Posted 08 November 2016
By Zachary Brennan
The US Food and Drug Administration (FDA) on Tuesday announced a final rule amending regulations on citizen petitions that would ensure the agency does not delay the approval of a pending generic drug or biosimilar because of such petitions, unless that delay is necessary to protect the public health.
The final rule, which is effective 9 January 2017, implements section 505(q) of the Federal Food, Drug & Cosmetics Act (FD&C Act), which governs the manner in which FDA handles certain citizen petitions and PSAs that ask the agency to take action related to an abbreviated new drug application (ANDA), a 505(b)(2) application, or an application submitted under section 351(k) (ie. A biosimilar application).
For years, FDA has received numerous petitions requesting the agency not approve a particular ANDA or 505(b)(2) application unless certain criteria are met. But as FDA notes, in many cases, the petitions have raised scientific and/or legal issues relating to the standards for approval of an application (ie. suggesting a particular method for demonstrating the bioequivalence of a proposed generic to the reference listed drug (RLD) and petitions maintaining that a proposed generic product does not contain the same active ingredient as the RLD).
“However, when petitions are submitted late in the review process for challenged applications and do not raise valid scientific and/or legal issues, they may have the effect of improperly delaying the approval of an application,” the rule notes.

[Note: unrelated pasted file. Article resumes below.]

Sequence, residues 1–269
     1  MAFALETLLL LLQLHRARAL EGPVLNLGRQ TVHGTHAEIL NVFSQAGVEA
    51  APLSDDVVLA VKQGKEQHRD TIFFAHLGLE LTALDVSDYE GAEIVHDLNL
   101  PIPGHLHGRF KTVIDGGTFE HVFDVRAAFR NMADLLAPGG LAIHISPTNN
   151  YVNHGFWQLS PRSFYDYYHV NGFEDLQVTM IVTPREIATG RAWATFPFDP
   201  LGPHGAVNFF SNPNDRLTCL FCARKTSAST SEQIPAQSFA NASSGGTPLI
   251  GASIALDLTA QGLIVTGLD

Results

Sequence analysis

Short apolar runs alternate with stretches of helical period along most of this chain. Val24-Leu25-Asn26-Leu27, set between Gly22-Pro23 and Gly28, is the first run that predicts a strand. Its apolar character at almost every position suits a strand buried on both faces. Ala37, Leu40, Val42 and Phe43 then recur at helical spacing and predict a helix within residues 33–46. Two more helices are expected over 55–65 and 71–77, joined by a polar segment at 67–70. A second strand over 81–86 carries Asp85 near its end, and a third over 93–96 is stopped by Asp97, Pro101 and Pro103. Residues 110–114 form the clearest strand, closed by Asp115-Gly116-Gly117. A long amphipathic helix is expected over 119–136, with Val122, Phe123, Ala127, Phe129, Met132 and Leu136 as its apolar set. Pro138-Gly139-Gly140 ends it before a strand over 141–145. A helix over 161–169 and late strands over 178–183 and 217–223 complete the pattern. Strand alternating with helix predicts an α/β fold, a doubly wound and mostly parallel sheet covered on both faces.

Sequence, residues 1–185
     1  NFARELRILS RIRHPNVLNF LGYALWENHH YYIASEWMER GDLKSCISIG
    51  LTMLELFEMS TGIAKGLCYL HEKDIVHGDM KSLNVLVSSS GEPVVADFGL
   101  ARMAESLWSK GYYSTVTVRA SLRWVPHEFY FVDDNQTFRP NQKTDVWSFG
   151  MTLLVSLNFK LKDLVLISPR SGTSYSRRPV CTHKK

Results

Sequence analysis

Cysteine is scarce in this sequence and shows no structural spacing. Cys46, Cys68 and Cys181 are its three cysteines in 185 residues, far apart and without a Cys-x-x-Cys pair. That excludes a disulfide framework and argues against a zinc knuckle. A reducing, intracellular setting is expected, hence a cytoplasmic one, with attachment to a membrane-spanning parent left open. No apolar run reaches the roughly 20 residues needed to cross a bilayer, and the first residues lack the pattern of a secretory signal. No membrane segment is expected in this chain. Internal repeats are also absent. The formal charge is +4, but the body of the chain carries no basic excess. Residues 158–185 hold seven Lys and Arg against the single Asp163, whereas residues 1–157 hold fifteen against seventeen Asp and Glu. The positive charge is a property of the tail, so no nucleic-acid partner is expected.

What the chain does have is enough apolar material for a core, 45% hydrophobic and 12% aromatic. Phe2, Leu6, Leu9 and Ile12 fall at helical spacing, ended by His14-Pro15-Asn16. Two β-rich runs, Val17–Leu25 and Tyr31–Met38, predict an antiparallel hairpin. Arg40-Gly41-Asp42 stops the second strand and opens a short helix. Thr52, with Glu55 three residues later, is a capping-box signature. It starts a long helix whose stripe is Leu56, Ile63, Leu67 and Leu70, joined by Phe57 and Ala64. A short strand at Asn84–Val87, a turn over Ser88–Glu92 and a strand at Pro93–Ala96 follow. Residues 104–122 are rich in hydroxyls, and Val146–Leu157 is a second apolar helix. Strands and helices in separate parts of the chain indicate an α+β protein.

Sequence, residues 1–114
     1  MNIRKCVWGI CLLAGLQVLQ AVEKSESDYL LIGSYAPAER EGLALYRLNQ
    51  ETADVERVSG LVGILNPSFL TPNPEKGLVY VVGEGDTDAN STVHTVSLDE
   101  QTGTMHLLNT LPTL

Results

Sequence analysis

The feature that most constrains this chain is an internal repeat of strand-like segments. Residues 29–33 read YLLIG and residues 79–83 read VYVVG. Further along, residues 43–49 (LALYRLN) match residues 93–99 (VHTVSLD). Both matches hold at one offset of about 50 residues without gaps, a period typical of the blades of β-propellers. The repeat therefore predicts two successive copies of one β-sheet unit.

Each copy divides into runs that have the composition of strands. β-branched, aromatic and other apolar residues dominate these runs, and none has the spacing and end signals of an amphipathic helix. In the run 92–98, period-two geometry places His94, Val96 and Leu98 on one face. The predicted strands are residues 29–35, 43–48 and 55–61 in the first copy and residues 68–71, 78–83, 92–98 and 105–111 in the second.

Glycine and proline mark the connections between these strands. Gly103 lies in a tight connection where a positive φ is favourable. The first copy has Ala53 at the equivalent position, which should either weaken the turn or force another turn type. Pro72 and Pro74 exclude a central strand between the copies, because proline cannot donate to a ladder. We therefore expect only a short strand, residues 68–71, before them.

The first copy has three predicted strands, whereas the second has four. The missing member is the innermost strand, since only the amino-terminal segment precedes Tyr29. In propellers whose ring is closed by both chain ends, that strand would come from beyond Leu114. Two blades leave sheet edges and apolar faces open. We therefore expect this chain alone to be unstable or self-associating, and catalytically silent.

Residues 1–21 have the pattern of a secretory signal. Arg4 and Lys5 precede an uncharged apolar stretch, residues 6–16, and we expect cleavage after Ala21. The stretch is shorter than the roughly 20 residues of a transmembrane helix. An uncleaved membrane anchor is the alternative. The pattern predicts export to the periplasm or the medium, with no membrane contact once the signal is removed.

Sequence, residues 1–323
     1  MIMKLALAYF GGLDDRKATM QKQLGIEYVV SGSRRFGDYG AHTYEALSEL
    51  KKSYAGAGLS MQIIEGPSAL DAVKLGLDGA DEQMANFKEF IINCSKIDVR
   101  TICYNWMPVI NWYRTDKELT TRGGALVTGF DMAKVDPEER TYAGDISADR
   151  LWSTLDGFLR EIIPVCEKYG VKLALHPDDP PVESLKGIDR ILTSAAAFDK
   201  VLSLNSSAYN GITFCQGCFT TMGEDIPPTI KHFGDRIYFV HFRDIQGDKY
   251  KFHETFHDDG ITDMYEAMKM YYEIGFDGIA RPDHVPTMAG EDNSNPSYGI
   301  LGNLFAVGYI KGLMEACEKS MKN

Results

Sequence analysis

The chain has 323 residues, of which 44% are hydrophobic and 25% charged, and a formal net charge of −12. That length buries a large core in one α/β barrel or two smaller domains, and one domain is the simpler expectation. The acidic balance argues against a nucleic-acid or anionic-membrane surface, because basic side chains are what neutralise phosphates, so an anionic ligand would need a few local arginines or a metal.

And by implementing this rule, FDA is essentially putting into action Congress’ desire to ensure that petitions are not used to improperly delay approval of generics or biosimilars.
The pharmaceutical industry lobbying group, known as Pharmaceutical Research and Manufacturers of America (PhRMA), offered several comments and requested changes on the proposed rule but FDA rejected and responded to nearly all of them.
For instance, PhRMA requested that FDA include or otherwise establish a mechanism for notifying a petitioner if the agency determines that a delay of approval of an ANDA or 505(b)(2) application is not necessary to protect the public health, but FDA declined to implement such a mechanism as it was not included in the section of the legislation being implemented.
PhRMA also requested that FDA issue a regulation establishing (or clarifying) that a delay in an ANDA or 505(b)(2) application approval can extend beyond the 150-day review period for a petition.
But FDA said: “We decline to issue a regulation establishing or clarifying that a delay in approval of an ANDA or a 505(b)(2) application can exceed the 150-day review period for petitions. Because of the uncertainty in predicting the time it will take to resolve a particular issue, establishing an expectation on the possible length of a delay would be neither practical nor feasible.”
Cost to Industry
FDA said it estimates one-time costs to industry from this rule at about $613,800, while annual costs will likely be about $1,700. Final Rule: Amendments to Regulations on Citizen Petitions, Petitions for Stay of Action, and Submission of Documents to Dockets